Burned out tenants seek Red Cross help

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City fire officials combed through the remains of a gutted Flushing apartment building this week, trying to determine what caused an apparent gas explosion that injured 17 and left dozens homeless Friday afternoon.

Nearly half of the 147-25 Sanford Ave. apartment building's residents have been forced to take refuge in nearby hotels after being barred from their homes, some of which have been virtually destroyed.

Building Manager David Pace said 37 of the apartments in the 90-unit building were deemed uninhabitable by the city Department of Buildings, "30 [percent] to 40 percent" of which may require extensive renovations that could keep people out of their apartments for months.

The Red Cross of Greater New York said residents from 53 apartments in the building had registered for emergency disaster assistance, many of whom are being housed in nearby hotels while the city investigates the building damage.

FDNY fire marshals were still investigating the cause of the explosion by press time Tuesday evening, but some officials were already calling for an independent probe of the event, which occurred after more than a month of gas-related problems in the building.

Shortly before 4:30 p.m. Friday an explosion ripped through the second and third floors of the 90-unit Fairmont Hall, just minutes after Con Edison had turned on the gas to some of the building's apartments for the first time in a month.

"I just heard a big boom and saw all these ACs and fans flying down," said resident Sebastian Celestin, who was leaving the building to meet his girlfriend at the time of the blast. "That's when we heard all the screaming. People were coming down trying to escape off the fire escapes."

"It was like a war zone," another resident said.

Authorities said Edgar Zaldumbide and his 23-month-old daughter, Melissa, were rushed to Manhattan's New York Presbyterian Hospital, where they were in critical but stable condition as of Tuesday.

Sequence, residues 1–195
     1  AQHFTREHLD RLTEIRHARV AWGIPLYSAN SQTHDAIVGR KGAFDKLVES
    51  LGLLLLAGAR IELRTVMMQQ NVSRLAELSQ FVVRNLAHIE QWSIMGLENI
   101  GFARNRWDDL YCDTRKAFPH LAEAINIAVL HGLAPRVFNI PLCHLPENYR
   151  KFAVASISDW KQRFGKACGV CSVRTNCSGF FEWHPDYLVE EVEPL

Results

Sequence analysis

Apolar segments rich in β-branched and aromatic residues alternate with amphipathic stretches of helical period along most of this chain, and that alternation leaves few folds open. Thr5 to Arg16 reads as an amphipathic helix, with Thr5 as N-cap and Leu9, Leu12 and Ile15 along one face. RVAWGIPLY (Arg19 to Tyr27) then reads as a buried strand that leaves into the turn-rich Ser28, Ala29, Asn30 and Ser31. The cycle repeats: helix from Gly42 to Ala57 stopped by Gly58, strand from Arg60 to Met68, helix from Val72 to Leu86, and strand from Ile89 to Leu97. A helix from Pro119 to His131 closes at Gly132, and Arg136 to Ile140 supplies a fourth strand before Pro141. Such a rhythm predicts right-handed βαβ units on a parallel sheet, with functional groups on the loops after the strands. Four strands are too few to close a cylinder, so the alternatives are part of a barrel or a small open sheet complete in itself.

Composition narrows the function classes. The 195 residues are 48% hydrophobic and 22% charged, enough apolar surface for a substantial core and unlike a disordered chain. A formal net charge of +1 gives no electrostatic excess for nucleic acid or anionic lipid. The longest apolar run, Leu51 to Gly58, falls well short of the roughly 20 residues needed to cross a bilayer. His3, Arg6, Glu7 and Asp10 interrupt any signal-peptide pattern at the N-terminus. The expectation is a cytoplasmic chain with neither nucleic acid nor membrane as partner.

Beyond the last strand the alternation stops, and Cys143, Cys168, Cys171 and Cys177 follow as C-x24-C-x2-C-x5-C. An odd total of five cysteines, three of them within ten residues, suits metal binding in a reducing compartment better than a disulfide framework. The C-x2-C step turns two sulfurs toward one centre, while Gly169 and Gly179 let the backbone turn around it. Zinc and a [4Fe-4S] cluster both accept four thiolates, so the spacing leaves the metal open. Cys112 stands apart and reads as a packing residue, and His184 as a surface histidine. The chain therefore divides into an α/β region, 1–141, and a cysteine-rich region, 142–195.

Zaldumbide suffered severe burns to more than 75 percent of his body and was placed in a medically induced coma as a result of his injuries, according to authorities.

Fourteen others, including six firefighters, sustained non-life threatening injuries, fire officials said.

"There are indications from residents that somebody should have known that there was stray gas. The answers will soon become clear," said City Councilman John Liu (D-Flushing). "But based on what residents are saying, someone fell asleep in a really bad way to the point where the negligence could be at the criminal level."

The problems at Fairmont Hall began June 11, after a small kitchen fire in a second-floor apartment damaged gas lines in the building. Con Edison spokesman Chris Olert said gas and hot water were shut down at the building after the fire while repairs were made.

Residents were without hot water until June 24 and without gas until last week, according to Con Edison and city Buildings Department records, leading a group of residents to threaten a rent strike in early July until the repairs were made.

Olert said last week Con Ed received notification that the repairs had been made and restored gas to one of the building's 14 gas "risers," smaller gas lines that connect to a main line, on July 22.

Second floor resident Bellanira Sanchez said she called Con Ed after smelling the strong odor of gas in her neighbor's apartment that afternoon.

"I've been concerned about the gas line and everybody's safety and my safety," she said. "I was worried that there might be an explosion."

Con Ed returned Friday, and working alongside plumbers from Liberty Plumbing and Heating Inc., hired by the building's owner, All Wall Construction Corp., restored gas service to six more risers by 4:13 p.m.

Eleven minutes later, the explosion occurred. Olert confirmed that apartment 2P, where the incident originated, was one of the apartments where gas had been restored, but said pressure gauge tests conducted prior to Con Ed workers leaving the building indicated that no leaks were present and the lines were safe.

"When we left there were no leaks. If there had been a leak, we would not have turned the gas back on in the building," Olert said.

Calls to Liberty Heating and Plumbing, which made the repairs to the gas pipes according to DOB records, were not returned by press time.

Pace said he is fully cooperating with the FDNY on its investigation and is "doing everything he can" to make sure his residents are accommodated.

"There's a small pocket of tenants that have been very negative towards the whole procedure, the whole process since the June 11 fire, which I can totally understand," Pace said. "I would say 80 percent of the people have been very understanding and know that we are doing everything we can to get them back here and make this right."

Reporter Ivan Pereira contributed to this article.

Reach reporter Stephen Stirling by e-mail at or by phone at 718-229-0300, Ext. 138.

Posted 6:38 pm, October 10, 2011
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